These images, taken by the High Resolution Stereo Camera (HRSC) on board ESA's Mars Express spacecraft, show the Dao Valles and Niger Valles, a system of outflow channels on Mars.
The images were taken during orbit 528 in June 2004, and show the Dao Valles and Niger Valles areas at a point where the north-eastern Hellas impact crater basin and the Hesperia Planum volcanic region meet.
The images are centred at Mars longitude 93° East and latitude 32° South. The image resolution is 40 metres per pixel.
The colour image has been created from the HRSC’s nadir (vertical view) and three colour channels.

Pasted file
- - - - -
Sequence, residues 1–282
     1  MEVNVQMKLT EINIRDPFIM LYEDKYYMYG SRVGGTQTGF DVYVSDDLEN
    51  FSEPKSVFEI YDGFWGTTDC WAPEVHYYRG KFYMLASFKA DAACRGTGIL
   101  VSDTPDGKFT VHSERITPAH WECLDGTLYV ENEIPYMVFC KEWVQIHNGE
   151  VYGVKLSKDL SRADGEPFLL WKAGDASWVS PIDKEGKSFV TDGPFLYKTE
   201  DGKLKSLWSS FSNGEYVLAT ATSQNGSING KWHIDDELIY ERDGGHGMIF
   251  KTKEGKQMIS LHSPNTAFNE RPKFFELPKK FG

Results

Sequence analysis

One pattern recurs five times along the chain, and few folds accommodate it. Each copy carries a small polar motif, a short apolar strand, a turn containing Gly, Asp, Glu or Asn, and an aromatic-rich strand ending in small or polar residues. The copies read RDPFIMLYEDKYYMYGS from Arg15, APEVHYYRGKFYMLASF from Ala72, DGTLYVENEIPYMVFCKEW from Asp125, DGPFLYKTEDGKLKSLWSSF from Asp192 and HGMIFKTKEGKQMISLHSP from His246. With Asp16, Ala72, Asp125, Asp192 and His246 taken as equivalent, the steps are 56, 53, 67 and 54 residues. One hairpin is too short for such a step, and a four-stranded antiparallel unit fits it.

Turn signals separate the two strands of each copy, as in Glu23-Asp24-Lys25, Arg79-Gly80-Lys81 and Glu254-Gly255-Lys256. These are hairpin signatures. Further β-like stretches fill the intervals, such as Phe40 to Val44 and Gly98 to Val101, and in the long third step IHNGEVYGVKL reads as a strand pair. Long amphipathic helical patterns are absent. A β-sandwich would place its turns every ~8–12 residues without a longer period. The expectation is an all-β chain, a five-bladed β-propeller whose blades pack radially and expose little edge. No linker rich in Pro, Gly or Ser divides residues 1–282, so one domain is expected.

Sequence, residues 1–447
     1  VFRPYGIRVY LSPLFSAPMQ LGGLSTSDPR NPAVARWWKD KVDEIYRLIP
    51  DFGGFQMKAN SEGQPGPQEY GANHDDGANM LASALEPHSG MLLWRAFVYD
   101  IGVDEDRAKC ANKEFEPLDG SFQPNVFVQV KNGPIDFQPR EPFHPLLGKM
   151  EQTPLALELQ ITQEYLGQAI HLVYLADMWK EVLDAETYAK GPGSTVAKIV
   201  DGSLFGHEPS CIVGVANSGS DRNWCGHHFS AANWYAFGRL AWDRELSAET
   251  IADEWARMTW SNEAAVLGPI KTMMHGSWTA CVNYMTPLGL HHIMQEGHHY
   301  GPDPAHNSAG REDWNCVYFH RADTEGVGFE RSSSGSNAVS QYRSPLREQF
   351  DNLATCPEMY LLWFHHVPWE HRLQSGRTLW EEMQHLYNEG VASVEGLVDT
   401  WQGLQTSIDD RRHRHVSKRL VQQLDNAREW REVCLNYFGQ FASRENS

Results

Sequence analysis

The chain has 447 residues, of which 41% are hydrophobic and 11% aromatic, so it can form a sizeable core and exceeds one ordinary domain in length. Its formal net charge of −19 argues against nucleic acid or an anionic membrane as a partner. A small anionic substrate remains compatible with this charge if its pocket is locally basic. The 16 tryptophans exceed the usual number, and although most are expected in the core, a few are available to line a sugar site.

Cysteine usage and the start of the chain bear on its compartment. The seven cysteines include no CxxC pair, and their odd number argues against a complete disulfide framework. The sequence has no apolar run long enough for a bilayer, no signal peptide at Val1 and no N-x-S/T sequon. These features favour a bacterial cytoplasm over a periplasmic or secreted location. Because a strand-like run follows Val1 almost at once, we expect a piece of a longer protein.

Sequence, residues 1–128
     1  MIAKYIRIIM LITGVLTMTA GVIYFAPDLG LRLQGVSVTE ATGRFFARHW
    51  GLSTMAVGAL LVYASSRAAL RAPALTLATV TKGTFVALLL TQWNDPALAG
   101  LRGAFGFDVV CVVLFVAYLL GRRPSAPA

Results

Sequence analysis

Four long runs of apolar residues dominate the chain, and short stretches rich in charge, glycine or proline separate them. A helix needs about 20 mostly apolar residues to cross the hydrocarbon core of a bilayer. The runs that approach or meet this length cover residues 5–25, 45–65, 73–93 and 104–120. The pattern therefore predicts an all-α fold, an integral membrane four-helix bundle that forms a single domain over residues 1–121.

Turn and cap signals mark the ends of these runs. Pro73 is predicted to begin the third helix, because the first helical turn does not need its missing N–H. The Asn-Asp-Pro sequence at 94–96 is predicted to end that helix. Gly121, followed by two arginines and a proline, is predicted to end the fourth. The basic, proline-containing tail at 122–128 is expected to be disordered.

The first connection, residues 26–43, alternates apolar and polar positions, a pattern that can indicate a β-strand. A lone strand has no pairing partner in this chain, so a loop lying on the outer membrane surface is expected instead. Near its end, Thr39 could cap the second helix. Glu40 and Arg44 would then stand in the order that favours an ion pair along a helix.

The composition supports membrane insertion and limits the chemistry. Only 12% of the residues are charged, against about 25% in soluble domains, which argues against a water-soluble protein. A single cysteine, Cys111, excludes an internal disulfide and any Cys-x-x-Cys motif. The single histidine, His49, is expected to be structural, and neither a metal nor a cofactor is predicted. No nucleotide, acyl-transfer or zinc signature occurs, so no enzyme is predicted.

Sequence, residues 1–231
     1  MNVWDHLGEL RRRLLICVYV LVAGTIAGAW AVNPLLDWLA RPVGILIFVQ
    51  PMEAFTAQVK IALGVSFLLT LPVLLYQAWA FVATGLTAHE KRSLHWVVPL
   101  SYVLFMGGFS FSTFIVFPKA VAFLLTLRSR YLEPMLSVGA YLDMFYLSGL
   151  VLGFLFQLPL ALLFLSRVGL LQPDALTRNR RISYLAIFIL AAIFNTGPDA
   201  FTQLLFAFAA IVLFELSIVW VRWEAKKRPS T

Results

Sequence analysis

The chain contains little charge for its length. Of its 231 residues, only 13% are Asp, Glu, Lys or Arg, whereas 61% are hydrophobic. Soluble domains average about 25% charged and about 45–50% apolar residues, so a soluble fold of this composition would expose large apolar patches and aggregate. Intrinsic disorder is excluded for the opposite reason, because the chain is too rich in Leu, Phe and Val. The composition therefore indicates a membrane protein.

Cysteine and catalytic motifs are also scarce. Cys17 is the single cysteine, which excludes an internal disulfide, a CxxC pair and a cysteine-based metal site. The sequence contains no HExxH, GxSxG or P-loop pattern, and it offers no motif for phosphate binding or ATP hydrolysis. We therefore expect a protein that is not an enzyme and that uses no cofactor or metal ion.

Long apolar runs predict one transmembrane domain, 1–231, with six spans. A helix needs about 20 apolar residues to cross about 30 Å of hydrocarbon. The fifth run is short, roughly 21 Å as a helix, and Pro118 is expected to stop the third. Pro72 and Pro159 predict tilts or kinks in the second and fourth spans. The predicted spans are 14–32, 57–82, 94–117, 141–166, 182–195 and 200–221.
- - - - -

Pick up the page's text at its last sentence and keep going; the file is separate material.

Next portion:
The 3D and the perspective views have been created using the nadir and stereo channels.
The outflow channel system is, in some areas, 40 kilometres wide. The north-eastern ends of the two valleys are almost 200 metres deeper than the south-western regions which are also shown here. The northern Dao Valles, 2400 metres deep, is about 1000 metres deeper than the more southern Niger Valles.
The structure of the valley floor of the Niger Valles is characterised by terraced basins and chaotic fractures. The floor of the Dao Valles is much smoother, but covered with strongly eroded remnants.
These eroded valleys are in a region which is part of the southern flank of the Hadriaca Patera volcano. The surrounding surface is formed by lava streams, probably in a 'runoff' process.
For more information on Mars Express HRSC images, you might like to read our updated 'Frequently Asked Questions'.